I’ve got a new piece up at Ethos: A Digitial Review of Arts, Humanities, & Public Ethics that I think might be of interest to Rule Number One readers. As an educator I was intrigued with the way University of Kentucky basketball coach John Calipari teaches his players to learn how to learn on the court, so I wrote a bit about how we as educators (whether it’s as librarians or full-time classroom lecturers) can apply these lessons in our teaching.
Here’s a couple key excerpts:
Calipari makes th[e] point in relation to basketball, writing “you can improve individual skills if you’re willing to spend time. It’s almost guaranteed … “If you’ve got talent inside you, it’s fully within you power to nurture it. Almost every kid I bring in has NBA-caliber athleticism. More than anything, that’s what I try to get across to them: You control your own destiny. It’s up to you.” This point about our destinies, the deeply existential notion that “[t]alent is not the determining thing; grit is,” (or, as Sartre might have put it, you are your choices) struck me … as a deeply profound and hopeful fact about human existence. There’s no real master secret to success; it just takes a little bit of luck, and a whole lot of grindin’.
This fact of the court applies equally to the classroom. According to educational psychologist Daniel Willingham, “as far as anyone knows, the only way to develop mental facility is to repeat the target process again and again and again.” It’s not sexy; it’s just what actually seems to work. If you practice something, you’ll get better at it. Interestingly, a recent Hoop Magazine story on Lebron James—widely considered to be the greatest athlete not just the NBA but in all of sports —notes that it’s Lebron’s work ethic, not his physical gifts, that make him truly special. A survey of NBA players and commentators bears out this point consistently. For example, Brian Windhorst states,
“He has tremendous physical gifts. He was already an elite specimen and could have been very successful and wealthy on just those gifts. He made an early decision to take what he had and work very, very hard …he kept working on his skills and his body to take that immense talent and become the greatest at his craft. That’s what sets him apart because he combines his skills and talent with his work ethic to become an elite player in every way.”
[…] Seen in this light, Lebron’s Nike slogan “earned not given” becomes a robust statement of educational philosophy rather than simply another meaningless sports cliché. We’ve been taught, to borrow another Nike slogan, to want to “be like Mike”, yet, many students, myself included, fail to understand that being like Michael Jordan doesn’t just mean flying through the air or hitting game winning shots, it means loving the grind like a champion (Imagine how good you’d be at math if you practiced it four hours a day). We need to want not just the gold star, but also the work that it takes to get it.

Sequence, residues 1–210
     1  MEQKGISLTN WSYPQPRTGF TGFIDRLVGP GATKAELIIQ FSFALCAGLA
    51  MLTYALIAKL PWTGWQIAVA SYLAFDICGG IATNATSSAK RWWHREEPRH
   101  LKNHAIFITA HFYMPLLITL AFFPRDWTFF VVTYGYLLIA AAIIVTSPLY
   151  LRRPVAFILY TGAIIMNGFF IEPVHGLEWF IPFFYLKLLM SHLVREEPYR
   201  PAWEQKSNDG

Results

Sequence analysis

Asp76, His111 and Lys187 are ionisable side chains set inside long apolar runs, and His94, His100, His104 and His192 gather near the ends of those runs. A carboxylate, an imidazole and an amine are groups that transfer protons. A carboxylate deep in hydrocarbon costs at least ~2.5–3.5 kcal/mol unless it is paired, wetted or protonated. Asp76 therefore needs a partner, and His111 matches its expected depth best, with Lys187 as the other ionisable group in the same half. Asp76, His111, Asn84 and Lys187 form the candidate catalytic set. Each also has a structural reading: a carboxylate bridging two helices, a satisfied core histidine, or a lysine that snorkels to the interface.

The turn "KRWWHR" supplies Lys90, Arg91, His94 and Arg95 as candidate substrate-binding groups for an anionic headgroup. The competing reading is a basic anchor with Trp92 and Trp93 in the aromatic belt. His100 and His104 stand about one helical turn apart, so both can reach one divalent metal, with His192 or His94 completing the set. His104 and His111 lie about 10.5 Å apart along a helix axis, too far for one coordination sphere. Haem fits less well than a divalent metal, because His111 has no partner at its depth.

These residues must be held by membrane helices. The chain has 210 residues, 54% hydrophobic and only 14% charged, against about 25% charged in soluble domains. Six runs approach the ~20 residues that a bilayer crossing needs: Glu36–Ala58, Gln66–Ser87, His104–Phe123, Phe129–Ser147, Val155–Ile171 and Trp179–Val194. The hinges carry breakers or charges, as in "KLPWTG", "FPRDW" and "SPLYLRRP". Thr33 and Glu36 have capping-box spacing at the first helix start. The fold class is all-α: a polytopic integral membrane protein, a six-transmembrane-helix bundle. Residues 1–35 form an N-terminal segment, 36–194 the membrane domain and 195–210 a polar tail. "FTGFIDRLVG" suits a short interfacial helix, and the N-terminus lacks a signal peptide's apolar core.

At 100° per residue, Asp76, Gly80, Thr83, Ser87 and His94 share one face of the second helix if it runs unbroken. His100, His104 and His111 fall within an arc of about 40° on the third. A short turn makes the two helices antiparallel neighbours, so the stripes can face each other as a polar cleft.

I suspect that I may not be the only student to have entered a classroom with a fixed mindset and consider myself lucky to have gained some knowledge I’ve used to correct that. More troubling, though, is my suspicion that I’m not the only person who’s ever been a teacher entering the classroom with a fixed-mindset about student learning. I recall, for example, when taking piano lessons later in life, telling my teacher that I felt like I wasn’t very good at keeping time, and her saying “Oh, that’s probably something someone told you when you were young and you believed it. You work hard at it and you do great.” She was right. How many times over the years did I encourage a similar mindset in my own students? How many students told me they just didn’t “get” philosophy and I kind of maybe just believed them? (“Oh, that’s okay, philosophy just makes sense to me, but I could never be good at engineering like you are!”). Very rarely did I explicitly make an effort with students who were struggling to encourage them that it was hard work and deliberate practice, more than “being smart,” that would help them succeed.
Making these facts about how to learn explicit to our students (as, perhaps, a consistent meta-narrative of our classrooms) is something educators must begin to do in order to help students, including college students, succeed …
You can read the rest of the post over at Ethos Review.